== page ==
Internet of Value

Background

The original purpose of blockchain was to enable trustless payments on the Bitcoin network. Before Bitcoin, online payments required an offline third party such as a bank to manually approve each transfer. This created a major weakness to fraud and theft – one which is no longer present in Web3 systems built on the blockchain.

Did you know?

As of 2018, the average international transfer costs over $35 USD. A Bitcoin transaction by contrast costs less than $10.

Current State

Payments online are currently transmitted through private third parties, which complicates international transactions and reduces the ability of regulators to monitor activity.

 

Conceptual Goal

In order for a more open and transparent system to be truly efficient, users must be able to be held accountable for their actions. With the introduction of cryptocurrencies and the Internet of Value, it is finally possible to create transparent incentive-based systems online. We can now connect digital action with value in a very real and precise way.

 

What can we do today?

1. Develop proper online identity tracking systems

2. Implement systems to track value creation through the supply chain and better reward contributions despite intermediaries

3. Keep others accountable online

4. Use smart contracts to allow all participants to see the inner workings of a system and handle automatic fulfillment

Check out our section on finance for more on how these systems can promote independence.

 

Digital Identity

Background

The internet as we know it has evolved to suit our needs. With each iteration, we’ve brought offline technologies online. Generally, we’ve done so in the simplest way possible.

As systems move online, it’s important to be able to prove who you are, and to stop others from impersonating you. Privacy and security need to be at the core of everything we build, rather than just an afterthought.

Did you know?

In 2017, 1/10 Americans was the victim of online fraud, with over $16 Billion dollars stolen.

Current State

As we bring more of our information online to solve problems, security will need to adapt to keep up.

 

Conceptual Goal

If the Internet is to become the core of our society, it’s important that we begin to support firms who deal with privacy and security as a focus, rather than an afterthought.

 

What can we do today?

1. Demand opt-in systems where users have more choice in which data they expose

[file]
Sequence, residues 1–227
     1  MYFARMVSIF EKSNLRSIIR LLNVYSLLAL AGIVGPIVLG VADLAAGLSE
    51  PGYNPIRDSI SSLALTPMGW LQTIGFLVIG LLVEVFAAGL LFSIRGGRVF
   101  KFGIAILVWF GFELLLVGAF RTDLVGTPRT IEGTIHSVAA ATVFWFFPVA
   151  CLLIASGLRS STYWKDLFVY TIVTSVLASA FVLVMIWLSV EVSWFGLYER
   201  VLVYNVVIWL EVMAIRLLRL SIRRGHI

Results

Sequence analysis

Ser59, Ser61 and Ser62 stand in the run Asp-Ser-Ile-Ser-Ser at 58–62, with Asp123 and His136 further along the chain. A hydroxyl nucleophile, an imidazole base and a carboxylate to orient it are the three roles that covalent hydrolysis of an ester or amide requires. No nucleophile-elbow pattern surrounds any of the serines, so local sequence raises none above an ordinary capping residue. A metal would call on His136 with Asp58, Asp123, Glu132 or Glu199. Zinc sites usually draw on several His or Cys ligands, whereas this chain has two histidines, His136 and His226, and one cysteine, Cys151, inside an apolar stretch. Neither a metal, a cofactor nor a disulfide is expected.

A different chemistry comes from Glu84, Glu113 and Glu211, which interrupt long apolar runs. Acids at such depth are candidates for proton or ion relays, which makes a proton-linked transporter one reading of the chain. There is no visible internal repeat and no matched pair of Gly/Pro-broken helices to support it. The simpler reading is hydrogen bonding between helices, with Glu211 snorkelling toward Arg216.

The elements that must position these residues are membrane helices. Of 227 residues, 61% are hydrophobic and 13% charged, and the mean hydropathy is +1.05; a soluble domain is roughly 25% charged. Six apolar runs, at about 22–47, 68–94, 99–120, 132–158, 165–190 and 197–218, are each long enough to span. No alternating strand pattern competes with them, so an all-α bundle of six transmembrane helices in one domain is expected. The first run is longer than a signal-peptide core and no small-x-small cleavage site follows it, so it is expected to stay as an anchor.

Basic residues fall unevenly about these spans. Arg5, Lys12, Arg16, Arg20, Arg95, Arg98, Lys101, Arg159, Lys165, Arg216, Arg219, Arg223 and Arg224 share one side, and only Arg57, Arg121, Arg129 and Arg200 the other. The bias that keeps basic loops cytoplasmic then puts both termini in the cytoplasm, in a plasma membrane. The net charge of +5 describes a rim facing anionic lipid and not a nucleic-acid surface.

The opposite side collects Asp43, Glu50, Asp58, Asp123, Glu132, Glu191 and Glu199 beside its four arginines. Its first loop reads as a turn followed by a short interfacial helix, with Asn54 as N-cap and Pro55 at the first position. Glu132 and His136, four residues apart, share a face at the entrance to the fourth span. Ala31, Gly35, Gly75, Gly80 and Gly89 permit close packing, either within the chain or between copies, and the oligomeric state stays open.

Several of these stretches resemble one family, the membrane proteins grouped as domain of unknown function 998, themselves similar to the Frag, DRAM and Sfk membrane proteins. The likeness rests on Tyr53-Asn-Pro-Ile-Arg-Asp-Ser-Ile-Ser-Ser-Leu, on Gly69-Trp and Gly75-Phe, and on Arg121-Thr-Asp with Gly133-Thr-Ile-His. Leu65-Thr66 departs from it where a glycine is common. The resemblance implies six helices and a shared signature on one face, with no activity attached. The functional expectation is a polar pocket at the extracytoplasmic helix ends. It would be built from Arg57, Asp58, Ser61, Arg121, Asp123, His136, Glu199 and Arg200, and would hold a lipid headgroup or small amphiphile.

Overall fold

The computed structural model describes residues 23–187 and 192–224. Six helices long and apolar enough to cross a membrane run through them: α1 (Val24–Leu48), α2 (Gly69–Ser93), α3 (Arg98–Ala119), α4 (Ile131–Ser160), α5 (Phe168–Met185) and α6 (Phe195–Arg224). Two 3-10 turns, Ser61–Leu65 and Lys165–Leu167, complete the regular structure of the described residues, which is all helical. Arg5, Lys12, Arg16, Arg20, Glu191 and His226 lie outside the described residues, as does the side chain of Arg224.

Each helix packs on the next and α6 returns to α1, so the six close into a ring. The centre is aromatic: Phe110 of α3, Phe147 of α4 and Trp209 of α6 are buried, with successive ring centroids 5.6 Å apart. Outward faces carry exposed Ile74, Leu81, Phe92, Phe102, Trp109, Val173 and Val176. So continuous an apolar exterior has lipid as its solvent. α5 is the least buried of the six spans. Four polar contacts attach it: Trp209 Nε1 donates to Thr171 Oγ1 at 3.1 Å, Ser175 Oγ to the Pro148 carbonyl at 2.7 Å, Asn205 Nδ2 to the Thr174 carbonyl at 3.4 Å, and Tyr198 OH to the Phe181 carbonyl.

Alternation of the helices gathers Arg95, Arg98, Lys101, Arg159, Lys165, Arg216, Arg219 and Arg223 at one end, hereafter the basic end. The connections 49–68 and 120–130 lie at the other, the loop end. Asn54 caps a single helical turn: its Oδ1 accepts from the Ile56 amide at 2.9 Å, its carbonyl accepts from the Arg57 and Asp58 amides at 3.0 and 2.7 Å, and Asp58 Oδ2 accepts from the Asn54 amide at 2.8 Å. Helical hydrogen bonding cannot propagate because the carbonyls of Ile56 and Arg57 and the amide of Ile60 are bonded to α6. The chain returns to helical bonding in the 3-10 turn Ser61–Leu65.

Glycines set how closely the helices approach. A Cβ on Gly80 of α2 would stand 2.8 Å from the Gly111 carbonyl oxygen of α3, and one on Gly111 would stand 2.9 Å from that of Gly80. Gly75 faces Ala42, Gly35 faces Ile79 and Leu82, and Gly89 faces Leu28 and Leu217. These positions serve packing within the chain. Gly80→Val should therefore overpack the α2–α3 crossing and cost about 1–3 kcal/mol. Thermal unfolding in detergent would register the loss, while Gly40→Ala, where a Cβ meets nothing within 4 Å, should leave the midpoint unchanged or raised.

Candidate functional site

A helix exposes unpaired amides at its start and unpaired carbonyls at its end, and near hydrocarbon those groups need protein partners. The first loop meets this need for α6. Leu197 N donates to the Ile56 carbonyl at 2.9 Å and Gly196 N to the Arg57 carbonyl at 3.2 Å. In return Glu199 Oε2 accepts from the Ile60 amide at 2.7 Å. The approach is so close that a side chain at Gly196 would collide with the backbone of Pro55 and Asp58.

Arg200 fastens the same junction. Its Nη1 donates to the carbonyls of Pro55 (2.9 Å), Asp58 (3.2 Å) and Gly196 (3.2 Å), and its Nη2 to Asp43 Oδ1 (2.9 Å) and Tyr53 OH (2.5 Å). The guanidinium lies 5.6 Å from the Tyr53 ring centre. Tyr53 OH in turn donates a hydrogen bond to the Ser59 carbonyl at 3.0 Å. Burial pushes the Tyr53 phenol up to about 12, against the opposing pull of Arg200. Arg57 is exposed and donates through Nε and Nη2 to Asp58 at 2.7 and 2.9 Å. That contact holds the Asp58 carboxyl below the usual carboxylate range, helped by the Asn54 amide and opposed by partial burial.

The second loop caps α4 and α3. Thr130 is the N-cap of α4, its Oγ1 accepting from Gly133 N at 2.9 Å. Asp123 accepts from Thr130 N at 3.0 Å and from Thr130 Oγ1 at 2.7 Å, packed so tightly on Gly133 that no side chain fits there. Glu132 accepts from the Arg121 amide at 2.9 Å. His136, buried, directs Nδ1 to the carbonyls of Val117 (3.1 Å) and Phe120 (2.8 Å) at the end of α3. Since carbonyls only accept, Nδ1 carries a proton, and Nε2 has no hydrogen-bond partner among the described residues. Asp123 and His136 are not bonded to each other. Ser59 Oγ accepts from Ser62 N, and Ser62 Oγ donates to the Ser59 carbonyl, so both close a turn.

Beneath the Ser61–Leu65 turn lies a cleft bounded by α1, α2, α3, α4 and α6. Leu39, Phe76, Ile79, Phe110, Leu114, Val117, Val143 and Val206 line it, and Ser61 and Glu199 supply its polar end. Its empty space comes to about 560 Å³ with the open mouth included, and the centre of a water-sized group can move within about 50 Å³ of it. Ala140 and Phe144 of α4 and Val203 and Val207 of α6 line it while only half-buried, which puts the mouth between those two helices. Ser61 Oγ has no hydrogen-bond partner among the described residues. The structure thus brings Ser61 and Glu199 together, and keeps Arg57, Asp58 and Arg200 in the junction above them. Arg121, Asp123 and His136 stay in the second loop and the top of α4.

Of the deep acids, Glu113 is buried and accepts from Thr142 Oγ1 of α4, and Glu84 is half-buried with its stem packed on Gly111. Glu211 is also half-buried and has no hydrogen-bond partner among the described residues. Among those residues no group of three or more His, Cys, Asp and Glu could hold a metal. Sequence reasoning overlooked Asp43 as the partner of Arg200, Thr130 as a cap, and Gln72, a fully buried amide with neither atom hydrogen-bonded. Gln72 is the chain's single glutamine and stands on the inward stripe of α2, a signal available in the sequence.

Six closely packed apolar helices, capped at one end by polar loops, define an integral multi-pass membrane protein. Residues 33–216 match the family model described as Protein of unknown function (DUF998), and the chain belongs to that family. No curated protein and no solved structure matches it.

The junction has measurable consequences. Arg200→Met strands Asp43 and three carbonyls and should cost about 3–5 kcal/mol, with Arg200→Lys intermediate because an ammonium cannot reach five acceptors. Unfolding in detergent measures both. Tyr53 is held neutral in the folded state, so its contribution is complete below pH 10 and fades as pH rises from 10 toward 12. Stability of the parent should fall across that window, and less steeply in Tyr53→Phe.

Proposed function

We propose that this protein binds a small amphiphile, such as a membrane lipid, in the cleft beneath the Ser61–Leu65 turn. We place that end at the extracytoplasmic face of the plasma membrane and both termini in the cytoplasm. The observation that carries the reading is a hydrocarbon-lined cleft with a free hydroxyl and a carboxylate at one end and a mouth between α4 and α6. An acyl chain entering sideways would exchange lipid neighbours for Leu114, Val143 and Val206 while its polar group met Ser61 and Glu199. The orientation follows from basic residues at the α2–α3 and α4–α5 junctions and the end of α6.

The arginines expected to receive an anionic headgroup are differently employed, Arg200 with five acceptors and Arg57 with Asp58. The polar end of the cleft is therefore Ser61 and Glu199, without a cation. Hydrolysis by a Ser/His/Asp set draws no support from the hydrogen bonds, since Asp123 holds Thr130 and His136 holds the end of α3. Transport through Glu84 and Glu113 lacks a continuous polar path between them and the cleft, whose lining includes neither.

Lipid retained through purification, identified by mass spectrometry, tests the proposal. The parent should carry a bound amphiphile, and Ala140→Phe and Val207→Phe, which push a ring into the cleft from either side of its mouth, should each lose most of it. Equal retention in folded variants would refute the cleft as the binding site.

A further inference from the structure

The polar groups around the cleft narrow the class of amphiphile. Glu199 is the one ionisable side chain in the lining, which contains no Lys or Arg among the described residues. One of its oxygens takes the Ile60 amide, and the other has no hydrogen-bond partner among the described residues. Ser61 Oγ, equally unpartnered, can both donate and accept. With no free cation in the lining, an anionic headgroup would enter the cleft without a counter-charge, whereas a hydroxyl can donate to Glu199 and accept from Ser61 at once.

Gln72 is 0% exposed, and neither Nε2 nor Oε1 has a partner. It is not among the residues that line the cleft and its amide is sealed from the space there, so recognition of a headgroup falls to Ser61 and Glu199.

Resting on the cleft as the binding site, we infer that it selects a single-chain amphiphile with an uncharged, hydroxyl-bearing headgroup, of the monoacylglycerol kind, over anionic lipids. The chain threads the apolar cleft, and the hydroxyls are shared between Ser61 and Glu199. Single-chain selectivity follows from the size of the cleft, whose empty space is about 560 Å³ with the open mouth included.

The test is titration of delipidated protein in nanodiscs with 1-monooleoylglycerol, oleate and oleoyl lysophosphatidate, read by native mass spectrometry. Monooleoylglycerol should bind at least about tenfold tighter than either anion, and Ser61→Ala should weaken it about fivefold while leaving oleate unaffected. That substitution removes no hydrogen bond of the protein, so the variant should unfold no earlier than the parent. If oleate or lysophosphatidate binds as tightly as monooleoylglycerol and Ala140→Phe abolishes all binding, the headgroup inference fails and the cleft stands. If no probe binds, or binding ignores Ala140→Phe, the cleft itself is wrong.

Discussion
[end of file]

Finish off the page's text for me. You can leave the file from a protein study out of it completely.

2. Offer premium or “No Ads” options to increase direct support of projects, rather than relying on user data for profit

3. Choose not to participate in systems that profit from your data unfairly

Check out our section on healthcare for more on how these systems can help users control their data.

NEXT: Digital Governance

Digital Governance

Did you know?

On average, data collected on websites is transferred through at least 5 third party servers without the user’s knowledge

Current State

While the internet has made it possible for anyone to publish content, the publishing tools themselves have become potential points of failure.

 

Conceptual Goal

As content online becomes more and more interchangeable for real world experience, social media companies and content providers will be the primary source of information for many people. It’s up to us to dictate the terms of that situation in advance, and to stay vigilant for changes to the status quo.

 

What can we do today?

1. Develop more systems that are designed to promote open sharing of ideas, rather than the extraction of direct profit

2. Actively track and hold firms accountable for their influence

3. Choose to engage only with communities and products that value open communication and freedom of speech

Check out our section on finance for more on how these systems can promote independence.

NEXT: Decentralization

Decentralization

Did you know?

Almost half of US Energy production is wasted each year due to separate and uncooperative systems, and consumers foot the bill.

Current State

Interoperability in technology refers to the design of systems as complimentary modules. Most of the infrastructure that we take for granted today is the result of a concerted effort to produce, distribute, and maintain individual component technologies.

Conceptual Goal

Blockchain and Web 3.0 present an opportunity to create a system without the bottlenecks of the current model. By democratizing access and opening incentive structures, we can provide greater opportunity for everyone while making the system more stable.

What can we do today?

1. Use smart contracts to allow separate blockchains to interact

2. Build and support new products as modular solutions, with integration as a design principle rather than just a feature

3. Build and support products that act as bridges between existing technology and new systems

Check out our section on energy for more on how these systems can promote independence.

Learn More: History of Decentralization